Tuesday, May 13, 2008

Modesty Myth

Yesterday, running errands with a colleague the subject of tattoos came up as we watched droves of young girls walk through the retail store with tattoos covering more surface area than the ads at the local mall. I told him that in my younger days, I thought about getting one something small and unassuming - seemed like the thing to do at the time, but I could never decide on one symbol that summed me up, one symbol that I wanted on my body forever. And I told him that as I got older, I could see how men might view tattoos on women as suggestive.

He told me that it was alluring, those tattoos that peek out from clothing. They are kind of trashy, he said honestly. My husband agrees. It was one of the first things that he asked me. "Do you have any tattoos?" He was relieved when I told him no.

When you’re young, modesty protects innocence, but when you’re older it protects profound connections. Modesty prevents us from being vulnerable with the wrong people. It also protects deep, erotic connections between the right people. Consider kind David who saw Bathsheba washing, lusted after her, committed adultery with her, fathered a child, murdered her husband, and brought much misery upon himself and the nation (2 Samuel 11:2-5).

Today, this generation of twenty-somethings are taught that meaningful, long-term relationships with one person that eventually culminate in marriage and sex aren't realistic, but that it's ok to have casual hookups, where you meet a person at a party, have sex, and then never see the person again. That fact people get drunk before they "do it" is significant—it’s a concession to modesty. So we have to drug ourselves in order to pretend otherwise. Look circumstances that surround the current twenty-somethings who frequent the tabloid news.

Modesty is about the opposite of prudery. Neither the promiscuous person nor the prude can be moved or touched by anything. The modest person can be moved by something and wants to be moved by something in the right circumstances. Modesty communicates so much about how a person feels about themselves. One who recognizes their own strengths and weaknesses who has become comfortable with him or herself will feel no competition with others and how they expect to be treated by others. Modesty presupposes certain standards. In this day, where underwear has become outerwear for both genders, these reminders of modesty also apply to men like no other time in history.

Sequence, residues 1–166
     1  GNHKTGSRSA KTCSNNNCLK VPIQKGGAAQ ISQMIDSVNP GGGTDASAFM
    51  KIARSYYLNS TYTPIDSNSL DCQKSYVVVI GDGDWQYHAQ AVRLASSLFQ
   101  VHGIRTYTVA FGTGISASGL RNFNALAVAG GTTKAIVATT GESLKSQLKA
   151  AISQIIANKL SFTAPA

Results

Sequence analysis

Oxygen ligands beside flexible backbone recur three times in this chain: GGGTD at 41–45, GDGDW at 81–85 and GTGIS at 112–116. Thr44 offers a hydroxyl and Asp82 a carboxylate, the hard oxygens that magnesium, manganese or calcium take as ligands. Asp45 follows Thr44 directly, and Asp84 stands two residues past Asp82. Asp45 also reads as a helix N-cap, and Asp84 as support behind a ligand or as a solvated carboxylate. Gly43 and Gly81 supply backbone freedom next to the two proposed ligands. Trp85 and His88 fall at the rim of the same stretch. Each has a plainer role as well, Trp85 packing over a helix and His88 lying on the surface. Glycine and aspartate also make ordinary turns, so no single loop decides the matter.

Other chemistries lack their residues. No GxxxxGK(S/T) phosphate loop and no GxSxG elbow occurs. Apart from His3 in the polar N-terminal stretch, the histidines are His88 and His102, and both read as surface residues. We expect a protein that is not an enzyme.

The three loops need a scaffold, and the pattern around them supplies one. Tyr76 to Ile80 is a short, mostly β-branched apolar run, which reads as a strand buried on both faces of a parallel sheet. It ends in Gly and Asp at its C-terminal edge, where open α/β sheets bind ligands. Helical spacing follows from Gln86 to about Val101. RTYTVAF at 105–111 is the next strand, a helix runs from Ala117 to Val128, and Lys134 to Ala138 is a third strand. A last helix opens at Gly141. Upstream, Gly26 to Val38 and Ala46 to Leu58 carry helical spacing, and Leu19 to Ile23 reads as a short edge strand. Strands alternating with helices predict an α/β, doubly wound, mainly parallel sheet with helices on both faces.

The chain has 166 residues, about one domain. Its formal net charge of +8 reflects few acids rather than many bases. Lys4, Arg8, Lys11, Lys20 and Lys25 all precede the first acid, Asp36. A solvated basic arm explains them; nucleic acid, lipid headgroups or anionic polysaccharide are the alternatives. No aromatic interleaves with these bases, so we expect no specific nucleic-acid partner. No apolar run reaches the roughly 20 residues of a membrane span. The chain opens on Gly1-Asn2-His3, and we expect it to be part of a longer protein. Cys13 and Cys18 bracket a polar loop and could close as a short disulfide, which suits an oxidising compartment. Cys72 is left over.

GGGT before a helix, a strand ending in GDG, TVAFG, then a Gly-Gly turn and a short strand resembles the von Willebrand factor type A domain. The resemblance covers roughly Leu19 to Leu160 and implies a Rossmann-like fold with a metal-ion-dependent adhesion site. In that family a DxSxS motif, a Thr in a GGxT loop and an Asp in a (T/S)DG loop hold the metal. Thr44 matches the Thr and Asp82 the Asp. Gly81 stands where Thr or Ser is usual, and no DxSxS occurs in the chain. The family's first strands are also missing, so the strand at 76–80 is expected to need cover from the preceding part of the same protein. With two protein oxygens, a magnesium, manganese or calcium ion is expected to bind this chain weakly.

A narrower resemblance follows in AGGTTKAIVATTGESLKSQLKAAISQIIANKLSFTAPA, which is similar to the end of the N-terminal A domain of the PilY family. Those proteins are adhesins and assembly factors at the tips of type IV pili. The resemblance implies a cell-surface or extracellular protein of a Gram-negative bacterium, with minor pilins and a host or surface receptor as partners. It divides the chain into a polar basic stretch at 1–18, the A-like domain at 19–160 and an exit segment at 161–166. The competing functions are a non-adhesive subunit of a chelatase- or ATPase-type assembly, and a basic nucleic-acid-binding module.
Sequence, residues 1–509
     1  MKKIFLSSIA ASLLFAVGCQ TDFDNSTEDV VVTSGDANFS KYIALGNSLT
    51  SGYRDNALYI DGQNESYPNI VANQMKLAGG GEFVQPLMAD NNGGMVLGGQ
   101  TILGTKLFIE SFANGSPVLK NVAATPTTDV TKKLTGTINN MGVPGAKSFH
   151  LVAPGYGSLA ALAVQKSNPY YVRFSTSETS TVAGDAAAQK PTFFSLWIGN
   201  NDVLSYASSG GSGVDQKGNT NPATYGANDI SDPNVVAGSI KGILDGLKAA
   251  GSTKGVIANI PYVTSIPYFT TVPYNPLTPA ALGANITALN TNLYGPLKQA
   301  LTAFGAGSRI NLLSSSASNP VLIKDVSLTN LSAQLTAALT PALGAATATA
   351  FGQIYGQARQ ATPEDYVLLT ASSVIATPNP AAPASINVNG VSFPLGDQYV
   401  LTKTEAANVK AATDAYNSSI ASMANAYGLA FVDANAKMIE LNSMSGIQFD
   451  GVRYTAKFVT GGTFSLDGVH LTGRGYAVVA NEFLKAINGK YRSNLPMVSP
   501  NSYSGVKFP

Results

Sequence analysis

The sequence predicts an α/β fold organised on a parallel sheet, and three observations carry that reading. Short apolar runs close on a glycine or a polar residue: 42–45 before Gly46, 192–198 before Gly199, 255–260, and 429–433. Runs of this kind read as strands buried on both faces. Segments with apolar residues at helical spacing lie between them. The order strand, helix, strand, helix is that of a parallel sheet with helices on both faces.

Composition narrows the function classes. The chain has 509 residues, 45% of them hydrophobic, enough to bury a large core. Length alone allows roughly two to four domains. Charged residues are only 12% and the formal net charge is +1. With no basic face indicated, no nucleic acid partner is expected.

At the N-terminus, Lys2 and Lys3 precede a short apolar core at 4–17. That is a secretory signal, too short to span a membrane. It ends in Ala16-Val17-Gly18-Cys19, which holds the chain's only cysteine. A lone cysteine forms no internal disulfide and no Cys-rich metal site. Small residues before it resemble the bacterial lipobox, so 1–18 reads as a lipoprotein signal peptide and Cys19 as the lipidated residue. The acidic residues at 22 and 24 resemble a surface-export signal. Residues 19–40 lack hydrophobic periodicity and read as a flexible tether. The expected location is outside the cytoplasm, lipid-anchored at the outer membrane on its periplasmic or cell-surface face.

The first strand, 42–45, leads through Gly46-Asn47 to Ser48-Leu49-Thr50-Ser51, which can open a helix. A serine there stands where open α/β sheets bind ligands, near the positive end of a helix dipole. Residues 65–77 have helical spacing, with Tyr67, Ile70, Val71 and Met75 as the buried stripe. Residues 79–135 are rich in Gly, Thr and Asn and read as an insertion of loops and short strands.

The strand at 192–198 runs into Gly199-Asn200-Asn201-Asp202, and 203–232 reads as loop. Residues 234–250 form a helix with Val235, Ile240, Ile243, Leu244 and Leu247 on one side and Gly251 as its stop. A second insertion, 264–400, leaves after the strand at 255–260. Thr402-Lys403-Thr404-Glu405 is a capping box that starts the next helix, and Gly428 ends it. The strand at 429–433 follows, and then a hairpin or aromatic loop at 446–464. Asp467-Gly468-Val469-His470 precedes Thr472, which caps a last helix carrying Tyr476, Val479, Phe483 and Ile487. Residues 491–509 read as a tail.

As I get dressed, I evaluate what I plan to wear based on my roles for the day: mom, business meeting, church go-er... And I try to wear items that will make it easier for the men in my company to treat me with dignity and respect. And I know that goes far deeper than just clothing.

The inward spiritual adornment is more precious and more effective than outward physical adorning.

1 Peter 3:3 "Whose adorning let it not be that outward adorning of plaiting the hair, and of wearing of gold, or of putting on of apparel."

1 Timothy 2:9-10 "In like manner also, that women adorn themselves in modest apparel, with shamefacedness and sobriety; not with broided hair, or gold, or pearls, or costly array; But (which becometh women professing godliness) with good works"

Colossians 3:12 "Since God chose you to be the holy people whom he loves, you must clothe yourselves with tenderhearted mercy, kindness, humility, gentleness, and patience."
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